Nearly 26% of all women and 13% of all men will develop some form of chronic venous disorder in their lifetime. Until recently, the removal of varicose veins required the actual stripping out of the vein: a surgical procedure that can require a hospital stay because of the painful recovery. The surgical procedure often includes several “stab phlebectomy” incisions which can leave multiple scars and runs the risk of post-operative infections and nerve damage. Today endovenous luminal ablation (EVLA or EndoVascular Laser Therapy) therapy with lasers (Dornier 940 nm) and/or radiofrequency energy (VNUS Covidien) have replaced the need for this type of surgery.
Nearly 30 million American men and women will develop some form of venous disorder in their lifetime. The prevalence of visible varicose veins in women increases with age from 22% at age 40 to 72% by age 60. Men also develop varicose veins but are less likely to seek treatment until symptoms worsen. The genetic prevalence for developing varicose veins has been reported as high as 50 % if your mother has them; 70% if your father has them; and over 90% if both parents have varicose veins.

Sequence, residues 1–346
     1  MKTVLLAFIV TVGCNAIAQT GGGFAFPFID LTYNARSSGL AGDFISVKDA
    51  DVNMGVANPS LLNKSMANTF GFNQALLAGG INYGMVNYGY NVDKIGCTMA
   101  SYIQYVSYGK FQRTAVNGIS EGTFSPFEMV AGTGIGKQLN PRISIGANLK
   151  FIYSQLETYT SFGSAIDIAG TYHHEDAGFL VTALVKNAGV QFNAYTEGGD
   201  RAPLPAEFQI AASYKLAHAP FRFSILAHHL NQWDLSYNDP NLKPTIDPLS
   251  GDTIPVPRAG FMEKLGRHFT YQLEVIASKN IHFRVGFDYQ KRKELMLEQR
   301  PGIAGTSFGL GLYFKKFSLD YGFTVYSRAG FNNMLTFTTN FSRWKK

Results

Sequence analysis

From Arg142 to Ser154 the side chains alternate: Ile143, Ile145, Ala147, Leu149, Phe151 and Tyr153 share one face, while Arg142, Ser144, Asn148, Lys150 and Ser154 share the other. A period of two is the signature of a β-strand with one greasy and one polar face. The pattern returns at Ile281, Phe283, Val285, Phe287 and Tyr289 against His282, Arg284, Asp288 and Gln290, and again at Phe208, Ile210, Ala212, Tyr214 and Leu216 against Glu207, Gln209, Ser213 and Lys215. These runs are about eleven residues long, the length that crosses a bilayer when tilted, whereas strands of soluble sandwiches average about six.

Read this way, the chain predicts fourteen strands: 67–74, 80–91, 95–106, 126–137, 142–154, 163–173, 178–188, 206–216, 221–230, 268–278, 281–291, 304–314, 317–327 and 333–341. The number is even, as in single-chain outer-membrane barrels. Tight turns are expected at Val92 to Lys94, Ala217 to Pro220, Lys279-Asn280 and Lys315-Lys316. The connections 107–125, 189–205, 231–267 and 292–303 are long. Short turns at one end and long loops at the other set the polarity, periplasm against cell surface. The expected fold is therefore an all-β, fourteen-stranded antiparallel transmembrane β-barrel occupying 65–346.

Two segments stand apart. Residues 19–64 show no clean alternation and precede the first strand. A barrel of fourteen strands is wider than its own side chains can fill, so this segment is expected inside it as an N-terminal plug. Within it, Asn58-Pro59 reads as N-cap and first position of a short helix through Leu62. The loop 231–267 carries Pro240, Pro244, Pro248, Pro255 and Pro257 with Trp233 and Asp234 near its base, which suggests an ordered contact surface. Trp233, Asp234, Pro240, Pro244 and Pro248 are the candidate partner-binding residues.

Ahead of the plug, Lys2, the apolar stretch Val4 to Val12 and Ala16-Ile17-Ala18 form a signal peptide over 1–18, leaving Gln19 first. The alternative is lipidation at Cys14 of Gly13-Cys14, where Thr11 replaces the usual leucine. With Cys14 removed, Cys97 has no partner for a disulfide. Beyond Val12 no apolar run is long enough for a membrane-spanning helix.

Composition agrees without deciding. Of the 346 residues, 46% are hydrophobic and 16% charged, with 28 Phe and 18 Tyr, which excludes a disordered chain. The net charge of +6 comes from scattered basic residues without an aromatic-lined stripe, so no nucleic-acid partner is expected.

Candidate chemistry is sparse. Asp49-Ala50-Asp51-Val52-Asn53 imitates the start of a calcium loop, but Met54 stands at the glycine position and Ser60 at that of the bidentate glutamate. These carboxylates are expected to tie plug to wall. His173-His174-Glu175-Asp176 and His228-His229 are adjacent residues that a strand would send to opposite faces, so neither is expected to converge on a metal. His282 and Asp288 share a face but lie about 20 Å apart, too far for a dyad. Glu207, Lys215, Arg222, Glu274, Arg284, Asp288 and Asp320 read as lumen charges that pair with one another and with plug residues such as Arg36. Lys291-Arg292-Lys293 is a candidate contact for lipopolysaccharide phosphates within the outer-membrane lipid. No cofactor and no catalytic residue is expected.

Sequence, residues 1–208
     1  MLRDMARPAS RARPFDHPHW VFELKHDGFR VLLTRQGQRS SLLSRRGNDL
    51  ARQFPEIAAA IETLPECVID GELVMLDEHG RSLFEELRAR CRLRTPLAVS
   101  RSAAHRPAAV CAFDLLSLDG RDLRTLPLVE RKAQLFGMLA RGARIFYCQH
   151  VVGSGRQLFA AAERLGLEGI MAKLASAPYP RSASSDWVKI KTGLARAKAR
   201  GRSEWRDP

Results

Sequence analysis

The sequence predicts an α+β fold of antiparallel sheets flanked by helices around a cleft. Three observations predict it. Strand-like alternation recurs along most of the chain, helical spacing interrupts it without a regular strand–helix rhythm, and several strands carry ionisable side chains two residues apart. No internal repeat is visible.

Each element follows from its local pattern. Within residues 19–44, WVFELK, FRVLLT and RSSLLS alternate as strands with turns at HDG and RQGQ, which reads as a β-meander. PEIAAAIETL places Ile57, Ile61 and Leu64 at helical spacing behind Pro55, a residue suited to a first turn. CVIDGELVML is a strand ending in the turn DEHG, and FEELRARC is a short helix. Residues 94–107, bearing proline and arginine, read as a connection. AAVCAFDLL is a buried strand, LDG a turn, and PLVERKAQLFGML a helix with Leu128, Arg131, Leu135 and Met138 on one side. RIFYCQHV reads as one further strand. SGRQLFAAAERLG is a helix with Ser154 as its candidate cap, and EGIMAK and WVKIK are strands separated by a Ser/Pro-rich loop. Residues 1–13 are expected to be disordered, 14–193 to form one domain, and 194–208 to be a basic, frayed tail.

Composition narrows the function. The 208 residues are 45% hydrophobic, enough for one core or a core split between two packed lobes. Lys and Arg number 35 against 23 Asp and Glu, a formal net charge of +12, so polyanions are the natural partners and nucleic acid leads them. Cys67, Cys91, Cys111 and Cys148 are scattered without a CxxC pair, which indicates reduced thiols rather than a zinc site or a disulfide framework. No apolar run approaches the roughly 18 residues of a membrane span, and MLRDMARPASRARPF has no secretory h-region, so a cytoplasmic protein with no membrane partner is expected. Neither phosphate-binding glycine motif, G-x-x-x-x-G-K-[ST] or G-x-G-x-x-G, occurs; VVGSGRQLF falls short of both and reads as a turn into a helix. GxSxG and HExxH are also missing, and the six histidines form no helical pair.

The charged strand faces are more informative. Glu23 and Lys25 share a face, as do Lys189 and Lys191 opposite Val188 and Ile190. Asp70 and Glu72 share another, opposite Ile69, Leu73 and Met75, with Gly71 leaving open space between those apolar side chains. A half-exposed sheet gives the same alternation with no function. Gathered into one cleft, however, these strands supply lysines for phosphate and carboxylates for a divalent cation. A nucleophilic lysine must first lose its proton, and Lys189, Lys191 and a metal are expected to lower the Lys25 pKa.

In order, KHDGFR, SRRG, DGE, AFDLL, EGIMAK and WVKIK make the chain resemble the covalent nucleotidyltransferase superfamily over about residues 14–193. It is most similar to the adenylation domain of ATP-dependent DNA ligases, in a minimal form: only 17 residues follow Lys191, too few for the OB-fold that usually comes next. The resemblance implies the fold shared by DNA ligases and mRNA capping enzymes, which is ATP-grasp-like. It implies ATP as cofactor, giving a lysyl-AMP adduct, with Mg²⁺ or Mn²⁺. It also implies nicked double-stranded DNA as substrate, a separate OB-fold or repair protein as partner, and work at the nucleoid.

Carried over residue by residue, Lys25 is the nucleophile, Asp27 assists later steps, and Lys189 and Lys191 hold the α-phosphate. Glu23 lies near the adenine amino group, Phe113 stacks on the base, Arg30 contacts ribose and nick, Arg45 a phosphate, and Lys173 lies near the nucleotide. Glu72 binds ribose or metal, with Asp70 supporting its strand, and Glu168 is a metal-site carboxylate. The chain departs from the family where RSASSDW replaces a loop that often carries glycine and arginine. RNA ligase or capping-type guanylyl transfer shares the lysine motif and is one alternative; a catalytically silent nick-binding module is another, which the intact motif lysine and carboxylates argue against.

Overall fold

Varicose veins are typically tortuous blue veins greater than 4 mm in diameter that can cause pain, fatigue, heaviness and swelling in their early stages ( CEAP 2 - CEAP 3). It is vitally important for the public to understand that varicose veins are a health concern worthy of medical diagnosis and treatment. If this condition is allowed to progress it can cause even more serious complications termed Chronic Venous Insufficiency (CVI) which affects the skin near the ankles. Untreated CVI leads to discoloration (hyper pigmentation) and more serious disturbances of skin texture (venous stasis dermatitis, lipodermatosclerosis and atrophie blanche) and can progress in its later stages to venous ulceration at the ankle level (CEAP 4 – CEAP 6).
(CEAP 2 - CEAP 3)
(CEAP 4- CEAP 6)